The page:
You can see him looking at what he knows is ahead of him, and faltering, wondering if he should say to God, no, it’s all too much. Let me off this assignment. But he steadies himself – “No, it is for this reason that I have come to this hour,” he says. Later, in the garden of Gethsemane he prays the same prayer, even more intensely – “let this cup pass from me Lord. But if not, strengthen me.”

When Jesus prays, Father, glorify your name, I wonder what was going through his mind. Maybe he needed the reassurance of God’s great power and glory. Hang on, you may be saying, Jesus is fully divine and perfect, surly he wouldn’t have felt insecure and nervous? That sounds very human! Remember too that Jesus was fully human as well as fully divine, and he put his divine nature aside for this journey to the cross. He would have felt really scared, as if all his courage and more was being demanded of him. When we are facing the unthinkable, remember that Jesus too has faced it, and knows how it feels. He can walk with you through that journey and share your burden.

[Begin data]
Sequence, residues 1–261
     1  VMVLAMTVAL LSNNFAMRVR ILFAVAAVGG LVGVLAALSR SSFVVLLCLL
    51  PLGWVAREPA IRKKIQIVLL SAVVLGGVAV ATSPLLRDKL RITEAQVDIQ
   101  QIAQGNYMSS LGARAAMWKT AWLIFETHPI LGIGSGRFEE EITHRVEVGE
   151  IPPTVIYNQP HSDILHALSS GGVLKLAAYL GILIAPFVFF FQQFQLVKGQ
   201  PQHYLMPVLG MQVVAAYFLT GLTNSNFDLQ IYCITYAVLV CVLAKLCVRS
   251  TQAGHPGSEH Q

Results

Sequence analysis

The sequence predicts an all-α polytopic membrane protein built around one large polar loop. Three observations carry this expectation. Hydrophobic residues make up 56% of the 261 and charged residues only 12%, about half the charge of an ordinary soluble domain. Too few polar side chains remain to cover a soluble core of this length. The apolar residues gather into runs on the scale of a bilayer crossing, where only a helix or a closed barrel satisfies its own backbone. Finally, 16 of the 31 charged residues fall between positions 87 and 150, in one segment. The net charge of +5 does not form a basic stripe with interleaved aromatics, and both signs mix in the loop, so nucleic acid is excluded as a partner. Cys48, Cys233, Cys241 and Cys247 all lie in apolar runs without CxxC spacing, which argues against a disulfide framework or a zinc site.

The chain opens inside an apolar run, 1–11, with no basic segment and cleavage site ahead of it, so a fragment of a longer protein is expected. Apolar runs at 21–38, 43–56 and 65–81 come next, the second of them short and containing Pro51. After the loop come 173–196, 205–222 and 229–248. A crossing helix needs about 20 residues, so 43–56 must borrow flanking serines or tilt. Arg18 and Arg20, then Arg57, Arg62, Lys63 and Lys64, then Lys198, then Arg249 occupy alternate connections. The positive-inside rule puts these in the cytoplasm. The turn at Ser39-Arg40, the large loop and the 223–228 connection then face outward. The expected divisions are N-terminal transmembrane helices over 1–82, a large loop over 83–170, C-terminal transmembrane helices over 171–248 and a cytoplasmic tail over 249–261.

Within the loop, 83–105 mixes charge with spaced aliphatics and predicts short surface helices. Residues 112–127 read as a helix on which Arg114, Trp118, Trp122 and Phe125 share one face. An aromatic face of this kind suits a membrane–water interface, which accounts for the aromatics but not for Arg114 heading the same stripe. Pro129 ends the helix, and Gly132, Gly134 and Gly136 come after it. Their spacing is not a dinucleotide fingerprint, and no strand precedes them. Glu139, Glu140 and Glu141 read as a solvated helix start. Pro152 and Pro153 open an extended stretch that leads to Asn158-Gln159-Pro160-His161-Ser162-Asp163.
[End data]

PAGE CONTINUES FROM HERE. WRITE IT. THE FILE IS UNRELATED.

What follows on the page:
How about the people around Jesus? When he asked God, “glorify your name” he heard the voice of God, and those around him heard it too. Some said it was thunder, others said an angel had spoken to him. They heard something. It reminds us of when the angels sang at his birth – ordinary people had a glimpse of the heavenly realm.

Jesus tells them that this is for their sake, so that they would see the divine power of God in the situation. I can imagine that many more came to believe in Jesus at this point, and the crowds following him would have swelled. Next week we will hear about the huge crowds as he enters Jerusalem, and the witnesses to the final journey.

Can you feel the pace picking up some more? If we had background music, the strings would be bowing fast, the brass blaring – it’s no wonder so many artists have responded to Jesus’ passion and death.

Jesus tells the people that he would draw many to himself when he is lifted up – this refers to the cross. Last week we had the image of Moses lifting up a snake, and the Son of Man being lifted up. That was back in chapter 3 of John’s gospel, now we are in chapter 12. The theme is still here, but getting ever clearer.